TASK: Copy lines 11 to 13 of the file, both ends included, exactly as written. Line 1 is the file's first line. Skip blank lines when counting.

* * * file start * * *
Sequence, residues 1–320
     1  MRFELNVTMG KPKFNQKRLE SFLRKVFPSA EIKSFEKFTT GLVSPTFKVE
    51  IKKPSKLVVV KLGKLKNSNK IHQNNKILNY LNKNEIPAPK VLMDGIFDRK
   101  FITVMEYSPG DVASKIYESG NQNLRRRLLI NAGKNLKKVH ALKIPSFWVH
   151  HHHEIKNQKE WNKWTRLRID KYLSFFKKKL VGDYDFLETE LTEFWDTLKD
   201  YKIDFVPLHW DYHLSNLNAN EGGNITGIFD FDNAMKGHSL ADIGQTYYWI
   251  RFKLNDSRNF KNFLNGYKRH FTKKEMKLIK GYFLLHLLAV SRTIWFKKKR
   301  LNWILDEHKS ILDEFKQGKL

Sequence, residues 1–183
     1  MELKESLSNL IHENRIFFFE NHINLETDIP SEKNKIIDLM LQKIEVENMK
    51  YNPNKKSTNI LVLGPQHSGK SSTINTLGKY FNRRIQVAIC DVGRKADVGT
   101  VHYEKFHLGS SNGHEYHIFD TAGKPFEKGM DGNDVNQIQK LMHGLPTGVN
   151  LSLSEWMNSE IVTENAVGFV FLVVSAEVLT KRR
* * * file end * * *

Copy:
    51  YNPNKKSTNI LVLGPQHSGK SSTINTLGKY FNRRIQVAIC DVGRKADVGT
   101  VHYEKFHLGS SNGHEYHIFD TAGKPFEKGM DGNDVNQIQK LMHGLPTGVN
   151  LSLSEWMNSE IVTENAVGFV FLVVSAEVLT KRR